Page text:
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NASA has marked its aim on the Martian moon Phobos as a prospective inceptive base for human exploration of the Red Planet but forceful solar emission could be an obstacle in this plan. A new NASA research showcases that the solar wind, the stream of electrically charged particles that the Sun emanates into space, generates an intricate electrical environment on Phobos, which could hopefully influence astronauts and any scientific equipment fetched to the intermittently shaped moon in subsequent mission.

William Farrell, lead author of the study from NASA’s Goddard Space Flight Center, said in a statement that they discovered that astronauts or rovers could gather noteworthy electric charges when passing over the night side of Phobos, the side overlooking Mars during the Martian day. While we do not anticipate these charges to be so massive to wound an astronaut, they are possibly enormous 3enough to influence fragile equipment; therefore, it’s the need of the hour to spacesuits and equipment that lessens any charging menace.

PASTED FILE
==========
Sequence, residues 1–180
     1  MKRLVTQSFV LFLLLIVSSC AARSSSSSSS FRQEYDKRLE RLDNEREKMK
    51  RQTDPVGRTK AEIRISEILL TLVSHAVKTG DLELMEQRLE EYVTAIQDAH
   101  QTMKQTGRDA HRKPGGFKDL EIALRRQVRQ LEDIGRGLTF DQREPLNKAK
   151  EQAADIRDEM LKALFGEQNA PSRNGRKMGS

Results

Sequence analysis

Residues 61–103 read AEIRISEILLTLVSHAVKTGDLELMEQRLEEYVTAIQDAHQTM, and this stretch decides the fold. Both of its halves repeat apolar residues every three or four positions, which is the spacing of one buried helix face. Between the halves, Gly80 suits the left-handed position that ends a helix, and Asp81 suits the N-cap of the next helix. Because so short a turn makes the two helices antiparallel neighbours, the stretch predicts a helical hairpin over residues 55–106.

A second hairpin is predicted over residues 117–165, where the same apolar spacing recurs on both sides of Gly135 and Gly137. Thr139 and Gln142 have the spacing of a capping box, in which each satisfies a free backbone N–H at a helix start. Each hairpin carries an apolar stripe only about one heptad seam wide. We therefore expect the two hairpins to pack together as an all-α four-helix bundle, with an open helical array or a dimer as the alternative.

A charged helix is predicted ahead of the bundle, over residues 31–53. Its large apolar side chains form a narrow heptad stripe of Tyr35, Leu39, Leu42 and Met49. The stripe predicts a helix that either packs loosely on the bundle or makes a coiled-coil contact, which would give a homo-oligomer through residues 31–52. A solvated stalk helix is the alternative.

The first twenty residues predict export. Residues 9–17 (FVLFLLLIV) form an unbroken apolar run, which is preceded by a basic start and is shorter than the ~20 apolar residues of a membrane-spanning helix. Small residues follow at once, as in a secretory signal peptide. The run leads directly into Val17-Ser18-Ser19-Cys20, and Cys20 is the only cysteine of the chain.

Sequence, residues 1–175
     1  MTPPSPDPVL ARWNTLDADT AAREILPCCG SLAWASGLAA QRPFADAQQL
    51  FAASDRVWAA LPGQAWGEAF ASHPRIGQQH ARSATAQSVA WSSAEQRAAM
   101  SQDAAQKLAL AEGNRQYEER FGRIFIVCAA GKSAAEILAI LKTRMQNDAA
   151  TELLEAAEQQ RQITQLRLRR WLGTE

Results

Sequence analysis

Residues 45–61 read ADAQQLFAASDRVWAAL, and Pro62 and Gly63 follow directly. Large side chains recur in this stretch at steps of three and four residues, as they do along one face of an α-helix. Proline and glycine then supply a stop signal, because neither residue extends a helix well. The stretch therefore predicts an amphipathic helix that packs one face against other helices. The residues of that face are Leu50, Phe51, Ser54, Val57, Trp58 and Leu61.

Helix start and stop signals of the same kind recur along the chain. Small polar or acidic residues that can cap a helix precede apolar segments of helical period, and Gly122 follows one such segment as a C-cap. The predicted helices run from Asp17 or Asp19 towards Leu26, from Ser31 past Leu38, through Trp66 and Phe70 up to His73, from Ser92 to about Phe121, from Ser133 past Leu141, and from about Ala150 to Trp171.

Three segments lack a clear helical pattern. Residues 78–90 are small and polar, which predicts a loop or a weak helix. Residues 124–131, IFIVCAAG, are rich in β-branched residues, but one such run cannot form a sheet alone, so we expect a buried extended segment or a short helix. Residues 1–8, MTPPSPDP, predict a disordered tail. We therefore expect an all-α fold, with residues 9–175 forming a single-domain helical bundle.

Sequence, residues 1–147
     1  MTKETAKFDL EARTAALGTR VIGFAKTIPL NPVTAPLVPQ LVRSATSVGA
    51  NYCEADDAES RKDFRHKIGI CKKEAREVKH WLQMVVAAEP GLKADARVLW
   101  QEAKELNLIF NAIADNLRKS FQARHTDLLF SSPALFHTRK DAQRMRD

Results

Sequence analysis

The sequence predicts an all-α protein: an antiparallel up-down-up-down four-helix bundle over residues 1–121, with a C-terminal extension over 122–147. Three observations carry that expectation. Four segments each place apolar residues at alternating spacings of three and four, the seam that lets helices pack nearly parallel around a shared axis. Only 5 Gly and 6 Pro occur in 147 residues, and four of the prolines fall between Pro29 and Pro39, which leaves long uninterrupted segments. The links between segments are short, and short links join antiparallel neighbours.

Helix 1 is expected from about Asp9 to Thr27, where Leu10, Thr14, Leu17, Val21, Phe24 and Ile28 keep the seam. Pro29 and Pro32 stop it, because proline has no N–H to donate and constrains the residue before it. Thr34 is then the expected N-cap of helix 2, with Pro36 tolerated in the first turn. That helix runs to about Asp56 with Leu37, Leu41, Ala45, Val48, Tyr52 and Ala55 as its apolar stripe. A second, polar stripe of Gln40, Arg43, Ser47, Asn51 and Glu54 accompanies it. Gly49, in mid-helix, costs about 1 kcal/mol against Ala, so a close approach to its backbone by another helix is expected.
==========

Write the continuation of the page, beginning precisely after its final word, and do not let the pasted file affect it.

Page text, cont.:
Theoretically, astronauts would navigate to Phobos and remotely wield robots on the Martian surface, minimizing the prominent time delay faced by Earth-based operators. NASA has contemplated Phobos as a possible initial base as its weak gravity makes landing of spacecraft, astronauts and supplies much simpler.

Phobos orbits emphatically close to Mars, and since it’s devoid of atmosphere and no magnetosphere it trudges directly through streams of solar wind and assimilates the electrically charged particles on its dayside. This in turn leaves the night side vacant. Due to these negatively charged electrons from the solar wind saturates this void and statically charge the moon’s night side.

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